Connect to share and comment
Congress can't get anything done. And 50 million people are living in poverty.
Somalia. South Sudan. Afghanistan.
It was no surprise to see these countries among the world's most fragile nations in a new report by the Washington-based nonprofit Fund for Peace.
But the United States? The world's most powerful democracy?
The index is based on 12 social, economic and political indicators, such as demographic pressures, poverty and economic decline, human rights and political impasse.
The United States came in at No. 159 among 178 nations and was rated "very stable," which was below "very sustainable" and "sustainable" but still much better than the five countries listed on "very high alert."
France was listed as the seventh-worsened country this year. The US tied with Singapore and Thailand for the eighth spot.
"The recent worsening of the United States, France, and Singapore also shows us that instability is not exclusive to developing countries," Fund for Peace said in a press release.
The United States made the list for various reasons. Here are some of the most notable:
1. Lack of bipartisanship
Congress can't cooperate and can't get anything done. President Barack Obama has increasingly bypass the country's lawmakers, resorting to executive actions to deal with key issues like gay rights and immigration reform. The House and Senate passed just 67 bills last year, the fewest since records started being kept in 1947. Congressional approval ratings are also at record lows.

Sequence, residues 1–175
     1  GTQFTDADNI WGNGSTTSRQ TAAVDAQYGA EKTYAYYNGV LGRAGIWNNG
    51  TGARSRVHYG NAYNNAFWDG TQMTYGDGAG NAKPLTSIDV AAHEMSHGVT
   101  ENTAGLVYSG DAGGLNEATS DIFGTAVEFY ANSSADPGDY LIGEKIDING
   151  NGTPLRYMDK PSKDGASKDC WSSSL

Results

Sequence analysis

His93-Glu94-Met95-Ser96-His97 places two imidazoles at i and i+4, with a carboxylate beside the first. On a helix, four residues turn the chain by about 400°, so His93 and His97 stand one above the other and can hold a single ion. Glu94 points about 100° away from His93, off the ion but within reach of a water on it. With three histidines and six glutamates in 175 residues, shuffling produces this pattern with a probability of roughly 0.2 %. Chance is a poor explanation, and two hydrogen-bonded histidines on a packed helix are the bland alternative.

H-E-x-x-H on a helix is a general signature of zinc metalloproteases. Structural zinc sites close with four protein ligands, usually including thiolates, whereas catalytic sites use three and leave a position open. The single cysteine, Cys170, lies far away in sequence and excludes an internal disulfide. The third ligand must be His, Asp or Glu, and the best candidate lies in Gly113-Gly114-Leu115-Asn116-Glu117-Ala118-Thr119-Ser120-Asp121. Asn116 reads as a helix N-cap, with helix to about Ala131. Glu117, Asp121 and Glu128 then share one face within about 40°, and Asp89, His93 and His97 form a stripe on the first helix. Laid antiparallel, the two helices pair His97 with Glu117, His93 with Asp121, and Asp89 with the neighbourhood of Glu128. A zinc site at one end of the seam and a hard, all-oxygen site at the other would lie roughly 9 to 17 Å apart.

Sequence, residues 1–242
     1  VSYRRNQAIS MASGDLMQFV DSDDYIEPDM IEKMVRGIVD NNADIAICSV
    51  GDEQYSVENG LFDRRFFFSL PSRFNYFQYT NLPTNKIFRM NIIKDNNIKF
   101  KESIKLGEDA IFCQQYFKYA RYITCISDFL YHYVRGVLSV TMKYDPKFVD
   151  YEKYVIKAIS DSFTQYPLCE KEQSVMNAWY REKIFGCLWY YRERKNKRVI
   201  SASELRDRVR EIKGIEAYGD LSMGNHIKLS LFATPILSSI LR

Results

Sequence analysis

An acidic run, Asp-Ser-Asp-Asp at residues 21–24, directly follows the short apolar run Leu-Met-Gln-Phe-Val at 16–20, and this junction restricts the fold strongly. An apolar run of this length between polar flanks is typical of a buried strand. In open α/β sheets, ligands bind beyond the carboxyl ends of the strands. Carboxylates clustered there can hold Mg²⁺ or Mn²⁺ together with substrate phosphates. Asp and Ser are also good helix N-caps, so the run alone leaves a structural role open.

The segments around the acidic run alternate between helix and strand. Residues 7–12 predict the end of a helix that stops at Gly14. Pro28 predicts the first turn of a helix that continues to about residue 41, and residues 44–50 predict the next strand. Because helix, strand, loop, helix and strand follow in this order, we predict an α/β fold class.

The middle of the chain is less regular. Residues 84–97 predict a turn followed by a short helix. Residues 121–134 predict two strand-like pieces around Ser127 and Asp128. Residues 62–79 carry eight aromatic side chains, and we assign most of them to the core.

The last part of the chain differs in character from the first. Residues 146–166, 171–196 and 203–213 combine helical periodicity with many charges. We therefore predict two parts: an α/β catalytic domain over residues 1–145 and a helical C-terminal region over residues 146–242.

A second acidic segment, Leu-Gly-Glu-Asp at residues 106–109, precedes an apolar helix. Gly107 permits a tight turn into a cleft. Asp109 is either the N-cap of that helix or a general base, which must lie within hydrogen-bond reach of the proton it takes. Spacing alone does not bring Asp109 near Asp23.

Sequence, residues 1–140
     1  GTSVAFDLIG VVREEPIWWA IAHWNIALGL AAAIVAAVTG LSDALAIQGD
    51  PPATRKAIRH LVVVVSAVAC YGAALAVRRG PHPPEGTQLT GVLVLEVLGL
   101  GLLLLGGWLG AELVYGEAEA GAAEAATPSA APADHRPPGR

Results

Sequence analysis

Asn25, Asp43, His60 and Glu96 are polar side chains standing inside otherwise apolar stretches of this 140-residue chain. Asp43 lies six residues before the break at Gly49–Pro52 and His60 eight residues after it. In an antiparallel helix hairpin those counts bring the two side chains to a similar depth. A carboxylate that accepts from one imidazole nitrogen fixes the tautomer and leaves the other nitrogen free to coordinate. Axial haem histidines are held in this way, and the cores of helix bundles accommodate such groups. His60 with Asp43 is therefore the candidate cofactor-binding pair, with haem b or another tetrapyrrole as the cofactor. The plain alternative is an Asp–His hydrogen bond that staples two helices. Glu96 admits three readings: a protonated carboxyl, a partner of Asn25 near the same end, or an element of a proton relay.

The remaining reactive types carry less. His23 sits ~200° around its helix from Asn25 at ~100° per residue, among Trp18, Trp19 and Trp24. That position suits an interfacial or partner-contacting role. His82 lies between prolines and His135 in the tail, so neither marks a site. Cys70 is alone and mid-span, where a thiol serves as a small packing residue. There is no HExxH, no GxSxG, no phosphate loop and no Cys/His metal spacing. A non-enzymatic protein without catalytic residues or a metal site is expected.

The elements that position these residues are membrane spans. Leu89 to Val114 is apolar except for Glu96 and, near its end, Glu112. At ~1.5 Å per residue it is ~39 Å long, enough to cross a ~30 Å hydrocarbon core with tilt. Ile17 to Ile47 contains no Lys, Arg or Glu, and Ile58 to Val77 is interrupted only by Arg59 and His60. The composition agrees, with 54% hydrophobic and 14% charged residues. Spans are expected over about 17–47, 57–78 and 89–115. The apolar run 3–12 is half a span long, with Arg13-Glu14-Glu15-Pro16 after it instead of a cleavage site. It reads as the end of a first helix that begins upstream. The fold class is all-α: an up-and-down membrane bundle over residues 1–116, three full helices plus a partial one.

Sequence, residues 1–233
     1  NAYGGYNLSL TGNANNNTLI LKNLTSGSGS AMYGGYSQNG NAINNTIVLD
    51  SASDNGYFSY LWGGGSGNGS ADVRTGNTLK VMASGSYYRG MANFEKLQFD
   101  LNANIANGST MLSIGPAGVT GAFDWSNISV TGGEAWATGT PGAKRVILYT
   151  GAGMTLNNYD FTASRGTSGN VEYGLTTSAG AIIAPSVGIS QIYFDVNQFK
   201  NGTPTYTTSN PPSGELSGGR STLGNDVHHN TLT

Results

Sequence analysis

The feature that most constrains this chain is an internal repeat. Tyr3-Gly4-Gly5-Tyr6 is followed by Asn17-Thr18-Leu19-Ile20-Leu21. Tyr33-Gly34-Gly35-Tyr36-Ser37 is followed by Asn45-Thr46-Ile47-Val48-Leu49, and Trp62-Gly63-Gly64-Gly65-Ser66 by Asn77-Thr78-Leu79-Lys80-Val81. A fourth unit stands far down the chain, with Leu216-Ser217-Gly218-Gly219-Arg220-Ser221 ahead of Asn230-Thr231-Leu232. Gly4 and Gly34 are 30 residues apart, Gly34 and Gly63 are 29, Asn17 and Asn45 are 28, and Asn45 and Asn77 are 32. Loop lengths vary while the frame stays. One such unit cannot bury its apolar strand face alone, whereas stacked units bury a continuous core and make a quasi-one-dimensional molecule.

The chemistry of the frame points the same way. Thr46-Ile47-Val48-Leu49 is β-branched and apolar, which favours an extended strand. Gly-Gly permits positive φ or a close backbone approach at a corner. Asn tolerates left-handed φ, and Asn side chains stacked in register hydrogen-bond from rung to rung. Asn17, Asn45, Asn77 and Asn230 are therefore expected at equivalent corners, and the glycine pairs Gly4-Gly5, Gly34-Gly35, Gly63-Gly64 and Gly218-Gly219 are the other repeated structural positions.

2. Partial government shutdown
Last year's partial government shutdown was indicative of just how bad political gridlock has gotten in the United States. Still smarting over the passage of Obamacare, conservative Republicans refused to sign off on funding bills that didn't contain language delaying or defunding the president's health care law. The result? Shuttered national parks and monuments, stalled business loans and contracts and as many as 800,000 federal employees furloughed for two weeks. The political standoff ended up costing taxpayers $24 billion and actually decreased fourth-quarter GDP growth from 3 percent to 2.4 percent.
3. Economic instability
While the US economy has finally recovered all of the 8.7 million jobs lost during the recession that followed the 2008 financial crisis, many are still struggling with unemployment and the gap between the rich and the poor continues to widen. About 50 million Americans live below the poverty line and a record 47 million of them receive food stamps — more than when Obama took office. Through March, the economy actually contracted by 2.9 percent — its sharpest decline in five years.